End of All-Male Dorm Sparks Vandalism

In what seemed like a last attempt to demonstrate against Residential Life andService’s decision last Thursday to turn Zechiel Hall, an all-male, predominantly athletic residence hall on north campus into a co-ed residence hall by next year, vandals caused destruction throughout the building. The vandalism occurred throughout the weekend. 
According to Security Director Robert Jones, no final estimate of damages has been given yet. 
The damage consists of torn up ceiling tiles, broken light fixtures and graffiti. Repairs began immediately on broken emergency lighting. The graffiti written included Zeke (written ZKE in imitation Greek letters) with the sign for male beside it, comments like “fuck res life” and “Donita is a whore.” The staff member referred to in the graffitti declined to comment. According to Kim LaFond, director of Residential Life & Services and a liaison between administration and Zeke residents, “[The staff member] is in an administrative position. She oversees Zeke. She is doing a fine job for the students she serves and for the College as a whole. Perhaps the person(s) who did the spray painting had to focus their anger on someone and that someone was [the staff member]. [She] did not make the decision to have Zeke go co-ed. The Housing and Dining Committee made that decision.” 
Sandy Hougland was quoted in last week’s Review, saying only 12 of 43 residents in Zeke were pleased by the present conditions. However, Richard Pierce, resident coordinator at Zeke summarized residents’ responses, as he saw it, to the elimination of an all-male space on campus and said, “everyone [here] feels strongly about it.” 
Pierce said that the act of vandalism was a reaction of frustration. Pierce had gathered a petition of 30 names to show the administration that Zeke residents felt the need for the space. He claimed he was never told about the ResLife meeting where he would have presented it.
Dean of the College Clayton Koppes said, “The only effect of vandalism is bringing their cause to disrepute. The only consequence of vandalism is costing the college more money, which detracts from everyone.”
Lafond commented on the search for the perpetrators, saying, “I do not know who did the vandalism at Zeke. We are still in the process of investigating the incident and it would be unfair for me to say that the vandalism located in the Zeke community was caused by someone who resides in Zechiel residence hall. We are taking this situation one step at time. Right now, we are still gathering information. I strongly believe that someone on this campus knows who did the vandalism. I would hope that the person(s) involved would step up and accept responsibility. The College community has suffered enough.”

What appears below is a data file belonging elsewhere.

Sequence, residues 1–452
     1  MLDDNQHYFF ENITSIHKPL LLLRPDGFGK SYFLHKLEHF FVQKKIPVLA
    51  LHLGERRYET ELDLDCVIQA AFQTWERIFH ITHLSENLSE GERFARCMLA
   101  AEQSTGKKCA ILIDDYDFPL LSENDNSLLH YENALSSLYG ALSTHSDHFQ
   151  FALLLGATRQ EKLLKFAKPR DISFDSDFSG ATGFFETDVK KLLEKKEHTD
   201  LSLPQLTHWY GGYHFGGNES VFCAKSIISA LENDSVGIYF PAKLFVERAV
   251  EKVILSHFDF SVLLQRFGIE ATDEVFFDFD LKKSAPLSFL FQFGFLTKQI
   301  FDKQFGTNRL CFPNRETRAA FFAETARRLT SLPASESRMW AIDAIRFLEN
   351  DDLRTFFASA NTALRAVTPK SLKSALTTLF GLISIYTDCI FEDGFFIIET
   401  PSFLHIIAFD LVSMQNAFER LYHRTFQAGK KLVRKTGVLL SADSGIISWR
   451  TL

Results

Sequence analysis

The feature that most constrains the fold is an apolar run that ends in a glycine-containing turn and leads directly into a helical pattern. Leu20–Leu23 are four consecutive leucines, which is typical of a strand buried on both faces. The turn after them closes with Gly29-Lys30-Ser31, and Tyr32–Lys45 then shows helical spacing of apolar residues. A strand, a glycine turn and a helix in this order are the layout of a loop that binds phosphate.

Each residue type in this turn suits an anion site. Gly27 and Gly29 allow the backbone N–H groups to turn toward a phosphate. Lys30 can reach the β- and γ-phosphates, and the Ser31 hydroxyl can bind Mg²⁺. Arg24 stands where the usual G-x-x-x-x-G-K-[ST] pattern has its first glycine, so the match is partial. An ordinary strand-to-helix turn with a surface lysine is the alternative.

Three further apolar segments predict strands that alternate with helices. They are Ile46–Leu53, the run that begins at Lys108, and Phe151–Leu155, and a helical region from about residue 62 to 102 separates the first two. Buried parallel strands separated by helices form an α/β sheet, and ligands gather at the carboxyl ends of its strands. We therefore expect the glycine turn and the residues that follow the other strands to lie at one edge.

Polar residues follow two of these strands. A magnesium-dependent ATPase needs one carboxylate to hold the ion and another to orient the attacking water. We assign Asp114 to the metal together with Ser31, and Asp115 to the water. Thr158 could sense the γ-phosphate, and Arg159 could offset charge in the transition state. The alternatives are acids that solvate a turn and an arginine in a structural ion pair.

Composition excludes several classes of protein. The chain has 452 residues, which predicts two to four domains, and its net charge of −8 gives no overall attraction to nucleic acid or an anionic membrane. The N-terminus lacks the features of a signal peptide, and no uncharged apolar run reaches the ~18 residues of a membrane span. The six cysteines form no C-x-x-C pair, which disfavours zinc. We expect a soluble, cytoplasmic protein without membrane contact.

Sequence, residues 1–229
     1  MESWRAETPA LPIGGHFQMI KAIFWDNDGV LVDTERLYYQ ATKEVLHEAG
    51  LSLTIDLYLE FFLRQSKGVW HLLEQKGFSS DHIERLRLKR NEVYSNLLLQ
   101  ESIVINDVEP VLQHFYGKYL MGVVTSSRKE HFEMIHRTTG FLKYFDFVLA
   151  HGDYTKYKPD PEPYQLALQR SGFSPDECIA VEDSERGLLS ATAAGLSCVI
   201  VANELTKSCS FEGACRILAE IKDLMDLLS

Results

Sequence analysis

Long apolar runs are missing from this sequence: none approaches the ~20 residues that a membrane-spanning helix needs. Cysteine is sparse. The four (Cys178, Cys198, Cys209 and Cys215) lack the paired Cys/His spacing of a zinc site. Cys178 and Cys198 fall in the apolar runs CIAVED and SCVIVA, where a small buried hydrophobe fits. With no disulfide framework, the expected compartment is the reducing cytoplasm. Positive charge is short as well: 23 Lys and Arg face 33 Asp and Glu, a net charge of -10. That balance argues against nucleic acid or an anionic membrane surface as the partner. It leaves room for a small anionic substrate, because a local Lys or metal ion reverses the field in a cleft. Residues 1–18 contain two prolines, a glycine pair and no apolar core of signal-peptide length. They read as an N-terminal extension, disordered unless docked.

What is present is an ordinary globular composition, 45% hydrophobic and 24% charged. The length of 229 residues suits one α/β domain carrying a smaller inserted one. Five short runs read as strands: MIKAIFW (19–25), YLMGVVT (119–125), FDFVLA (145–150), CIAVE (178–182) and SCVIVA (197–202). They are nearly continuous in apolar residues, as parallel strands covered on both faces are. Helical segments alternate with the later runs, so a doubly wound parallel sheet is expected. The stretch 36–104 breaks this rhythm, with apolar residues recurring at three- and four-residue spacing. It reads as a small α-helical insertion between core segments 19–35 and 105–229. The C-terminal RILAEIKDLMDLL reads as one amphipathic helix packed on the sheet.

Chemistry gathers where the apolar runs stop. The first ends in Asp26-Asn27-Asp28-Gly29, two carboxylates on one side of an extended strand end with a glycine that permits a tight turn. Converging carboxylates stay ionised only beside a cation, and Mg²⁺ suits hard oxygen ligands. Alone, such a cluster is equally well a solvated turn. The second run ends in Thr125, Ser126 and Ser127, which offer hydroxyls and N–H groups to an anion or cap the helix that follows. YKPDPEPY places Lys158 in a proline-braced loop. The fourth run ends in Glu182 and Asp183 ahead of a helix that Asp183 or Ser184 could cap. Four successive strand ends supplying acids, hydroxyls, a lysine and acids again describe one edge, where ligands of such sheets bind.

He added, “We are currently investigating some leads involving the incident at Zeke. We will take this investigation one step at a time. Once those involved are found, judicial action will follow. Suspension? If those involved in the Zeke vandalism were found in violation of College policies, sanctions certainly would be issued.”
First-year Zeke resident Brook Whitmore was away this weekend and came home to find his hall violated. “It was pretty crazy, something definitely went down. People get rowdy sometimes,” he said. Whitmore said he didn’t think the problem was internal. “I definitely don’t think it was someone from Zeke. I also think there’s a lot of anger and animosity towards Zeke because of what’s been going down recently,” he said.
Dean of Students Peter Goldsmith is wary of jumping to conclusions. “We do not yet know who is responsible for the damage. It would be unfair and unreasonable at this juncture to presume that all of the residents of Zechiel participated in the damage or, for that matter, approved of it,” he said, adding, “If there are misogynist messages affiliated with Zeke, as we know there are, then that community needs to consider how it reflects on all of them — regardless of whether it’s warranted — and hold one another accountable.”
Administrators met with Zeke residents on Sunday night to talk about alternatives. Residential Life and Services proposed theme housing, which is new to campus. 
Theme housing would require a lengthy application process and an advisor.



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